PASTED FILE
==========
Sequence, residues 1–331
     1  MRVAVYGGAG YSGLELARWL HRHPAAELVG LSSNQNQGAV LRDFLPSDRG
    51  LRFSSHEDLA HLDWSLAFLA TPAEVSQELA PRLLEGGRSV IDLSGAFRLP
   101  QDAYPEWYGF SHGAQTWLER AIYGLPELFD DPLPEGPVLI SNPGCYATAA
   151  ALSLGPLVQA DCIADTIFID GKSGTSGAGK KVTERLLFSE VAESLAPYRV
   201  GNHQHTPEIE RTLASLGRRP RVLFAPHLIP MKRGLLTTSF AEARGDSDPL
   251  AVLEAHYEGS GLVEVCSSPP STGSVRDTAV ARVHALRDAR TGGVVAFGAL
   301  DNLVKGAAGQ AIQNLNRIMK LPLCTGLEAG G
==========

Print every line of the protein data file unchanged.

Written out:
Sequence, residues 1–331
     1  MRVAVYGGAG YSGLELARWL HRHPAAELVG LSSNQNQGAV LRDFLPSDRG
    51  LRFSSHEDLA HLDWSLAFLA TPAEVSQELA PRLLEGGRSV IDLSGAFRLP
   101  QDAYPEWYGF SHGAQTWLER AIYGLPELFD DPLPEGPVLI SNPGCYATAA
   151  ALSLGPLVQA DCIADTIFID GKSGTSGAGK KVTERLLFSE VAESLAPYRV
   201  GNHQHTPEIE RTLASLGRRP RVLFAPHLIP MKRGLLTTSF AEARGDSDPL
   251  AVLEAHYEGS GLVEVCSSPP STGSVRDTAV ARVHALRDAR TGGVVAFGAL
   301  DNLVKGAAGQ AIQNLNRIMK LPLCTGLEAG G